As the name suggests, a fire table is essentially a table that’s been given a fire element, typically placed towards the center of the table. Since it’s not merely a torch, the table aspect of this design offers at least several inches around the edge of the flame for drinks, dishes, or whatever else a person might be carrying. Stone tends to be a preferable material for built-in designs, but tends to be more expensive and less portable than their more common steel counterparts.

For instance, the Matteau 60” Rectangular Concrete Composite Natural Gas Fire Table is a great example of a sleek fire table for outdoor use.

Fire Pit Bowls

Fire pit bowls are essentially a bowl that’s raised several inches above the ground, typically on a tripod of three legs. Steel fire pit bowls are often considered among the best for portability. They also hold up well to both heat and environmental wear-and-tear. Look for rubberized feet or other anti-marring solutions on the feet of each bowl.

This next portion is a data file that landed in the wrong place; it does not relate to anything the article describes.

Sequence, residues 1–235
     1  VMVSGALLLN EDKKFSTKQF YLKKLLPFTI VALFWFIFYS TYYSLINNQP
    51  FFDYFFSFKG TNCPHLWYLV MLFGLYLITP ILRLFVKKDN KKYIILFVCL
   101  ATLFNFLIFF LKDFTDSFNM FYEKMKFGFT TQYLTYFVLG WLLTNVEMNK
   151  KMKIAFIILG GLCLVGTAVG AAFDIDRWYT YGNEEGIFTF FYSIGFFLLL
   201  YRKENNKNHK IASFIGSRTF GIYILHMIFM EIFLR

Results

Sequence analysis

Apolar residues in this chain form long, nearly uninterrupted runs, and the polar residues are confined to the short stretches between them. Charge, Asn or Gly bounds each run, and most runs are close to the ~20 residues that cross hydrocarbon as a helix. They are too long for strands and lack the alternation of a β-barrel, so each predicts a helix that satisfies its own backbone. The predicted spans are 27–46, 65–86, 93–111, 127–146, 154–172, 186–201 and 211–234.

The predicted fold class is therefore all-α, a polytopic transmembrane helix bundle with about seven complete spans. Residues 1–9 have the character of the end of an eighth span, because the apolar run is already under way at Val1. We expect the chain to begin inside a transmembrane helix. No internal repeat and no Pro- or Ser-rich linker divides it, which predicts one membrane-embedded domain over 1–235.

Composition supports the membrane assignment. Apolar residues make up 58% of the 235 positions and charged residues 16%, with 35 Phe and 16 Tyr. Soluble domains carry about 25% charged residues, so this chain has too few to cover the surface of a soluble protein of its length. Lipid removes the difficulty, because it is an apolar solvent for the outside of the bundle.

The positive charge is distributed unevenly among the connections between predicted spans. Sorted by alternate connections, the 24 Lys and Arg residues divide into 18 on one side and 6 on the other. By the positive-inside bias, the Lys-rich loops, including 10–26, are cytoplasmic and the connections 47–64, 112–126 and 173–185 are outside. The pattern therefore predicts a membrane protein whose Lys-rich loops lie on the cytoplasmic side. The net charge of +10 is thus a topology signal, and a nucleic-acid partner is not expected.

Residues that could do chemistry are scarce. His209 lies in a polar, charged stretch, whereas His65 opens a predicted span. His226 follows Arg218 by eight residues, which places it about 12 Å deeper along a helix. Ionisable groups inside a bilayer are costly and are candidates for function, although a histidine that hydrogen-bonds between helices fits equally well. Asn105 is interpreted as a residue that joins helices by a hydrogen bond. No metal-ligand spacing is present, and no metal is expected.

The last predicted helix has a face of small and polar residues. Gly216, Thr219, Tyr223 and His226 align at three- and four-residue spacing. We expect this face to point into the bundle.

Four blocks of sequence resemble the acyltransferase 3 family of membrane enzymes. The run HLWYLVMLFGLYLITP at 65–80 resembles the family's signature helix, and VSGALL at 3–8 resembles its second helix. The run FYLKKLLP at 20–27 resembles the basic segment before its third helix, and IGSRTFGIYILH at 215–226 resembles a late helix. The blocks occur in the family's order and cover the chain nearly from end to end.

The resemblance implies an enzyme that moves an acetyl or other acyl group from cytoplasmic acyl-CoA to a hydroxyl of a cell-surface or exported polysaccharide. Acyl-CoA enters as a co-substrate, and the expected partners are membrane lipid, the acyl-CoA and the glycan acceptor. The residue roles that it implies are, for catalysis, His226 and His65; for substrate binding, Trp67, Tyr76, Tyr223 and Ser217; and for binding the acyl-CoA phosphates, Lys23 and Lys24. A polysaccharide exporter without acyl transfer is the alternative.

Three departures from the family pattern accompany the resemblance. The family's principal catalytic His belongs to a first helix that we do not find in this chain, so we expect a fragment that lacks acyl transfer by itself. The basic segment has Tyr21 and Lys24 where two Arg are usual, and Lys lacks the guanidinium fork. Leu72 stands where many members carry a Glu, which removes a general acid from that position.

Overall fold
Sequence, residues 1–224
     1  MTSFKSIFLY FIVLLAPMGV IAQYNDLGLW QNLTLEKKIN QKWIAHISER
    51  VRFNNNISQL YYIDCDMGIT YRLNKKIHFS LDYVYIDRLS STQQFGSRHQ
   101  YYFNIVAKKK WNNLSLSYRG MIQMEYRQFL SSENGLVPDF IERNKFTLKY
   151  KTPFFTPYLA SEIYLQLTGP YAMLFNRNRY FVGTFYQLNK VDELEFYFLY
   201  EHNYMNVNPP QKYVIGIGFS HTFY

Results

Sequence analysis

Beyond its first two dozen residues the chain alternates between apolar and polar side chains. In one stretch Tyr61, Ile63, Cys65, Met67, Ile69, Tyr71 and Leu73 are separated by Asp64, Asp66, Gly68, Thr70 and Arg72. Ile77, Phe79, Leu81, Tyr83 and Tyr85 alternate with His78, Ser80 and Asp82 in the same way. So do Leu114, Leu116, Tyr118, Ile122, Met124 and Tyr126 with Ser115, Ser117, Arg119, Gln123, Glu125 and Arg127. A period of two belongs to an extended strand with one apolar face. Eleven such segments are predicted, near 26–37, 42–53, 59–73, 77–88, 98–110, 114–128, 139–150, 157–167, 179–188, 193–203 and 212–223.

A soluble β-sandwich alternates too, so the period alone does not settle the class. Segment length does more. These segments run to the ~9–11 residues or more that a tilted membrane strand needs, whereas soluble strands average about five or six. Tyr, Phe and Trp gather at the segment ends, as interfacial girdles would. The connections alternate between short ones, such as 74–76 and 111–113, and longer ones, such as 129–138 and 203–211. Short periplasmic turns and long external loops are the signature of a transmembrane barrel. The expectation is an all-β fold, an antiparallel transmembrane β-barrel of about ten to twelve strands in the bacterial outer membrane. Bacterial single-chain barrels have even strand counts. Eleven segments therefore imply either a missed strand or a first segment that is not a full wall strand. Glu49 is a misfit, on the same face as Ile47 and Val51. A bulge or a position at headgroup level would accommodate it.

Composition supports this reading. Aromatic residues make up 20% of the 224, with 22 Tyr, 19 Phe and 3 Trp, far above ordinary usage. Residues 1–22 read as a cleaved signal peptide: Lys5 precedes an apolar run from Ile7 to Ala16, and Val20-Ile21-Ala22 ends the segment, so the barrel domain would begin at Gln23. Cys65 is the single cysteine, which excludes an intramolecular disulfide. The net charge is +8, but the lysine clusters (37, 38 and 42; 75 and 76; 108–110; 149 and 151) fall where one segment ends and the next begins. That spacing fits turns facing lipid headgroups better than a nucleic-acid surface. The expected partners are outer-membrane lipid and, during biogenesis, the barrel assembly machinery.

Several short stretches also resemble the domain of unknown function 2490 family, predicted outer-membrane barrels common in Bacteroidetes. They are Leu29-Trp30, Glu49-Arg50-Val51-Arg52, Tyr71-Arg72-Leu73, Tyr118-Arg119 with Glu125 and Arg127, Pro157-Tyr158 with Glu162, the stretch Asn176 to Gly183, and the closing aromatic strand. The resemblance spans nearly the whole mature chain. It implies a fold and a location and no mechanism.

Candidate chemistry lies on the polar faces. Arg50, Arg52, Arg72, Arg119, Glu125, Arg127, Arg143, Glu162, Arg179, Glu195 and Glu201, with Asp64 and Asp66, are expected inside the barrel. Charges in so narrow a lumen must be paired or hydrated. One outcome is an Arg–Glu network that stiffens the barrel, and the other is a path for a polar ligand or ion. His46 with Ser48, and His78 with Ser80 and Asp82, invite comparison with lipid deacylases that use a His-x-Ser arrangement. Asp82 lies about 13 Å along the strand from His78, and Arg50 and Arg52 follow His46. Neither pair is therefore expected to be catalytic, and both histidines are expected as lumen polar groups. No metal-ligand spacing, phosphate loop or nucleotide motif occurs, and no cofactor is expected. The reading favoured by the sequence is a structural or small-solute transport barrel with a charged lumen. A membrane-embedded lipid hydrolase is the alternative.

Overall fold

If you don’t plan on relocating your fire pit bowl between seasons, you might want to consider multipurpose designs like the Best Choice Fire Pit Bowl.

Tabletop Fire Pits & Fire Bowls

A tabletop fire bowl dispenses with the legs, leaving you with a bowl that is intended to be placed directly on another surface while alight. However, these kinds of designs can be weathered by rain, so this style might not be ideal for all environmental conditions.

They also tend to provide some of the most attractive and less utilitarian-looking tabletop options. For an elegant take, check out the Terra Flame Table Top Fire Bowl, which offers three color options: graphite, sand, pewter.


Used for centuries throughout Spain and Mexico, chimineas are a style of front-loaded oven/fireplace. You can find them with both contemporary and classic aesthetics; some resemble an old potbelly stove while others have a more updated look. You can still find a handful of chimineas that are appropriate for cooking, but these days, a majority of them aren’t intended for that purpose.

Most chiminea designs are focused on style, supplying a steady source of even heat, and safely containing fire. For using a chiminea on deck, you might prefer a fully portable design like the Better Homes and Gardens Antique Bronze cast Iron Chiminea.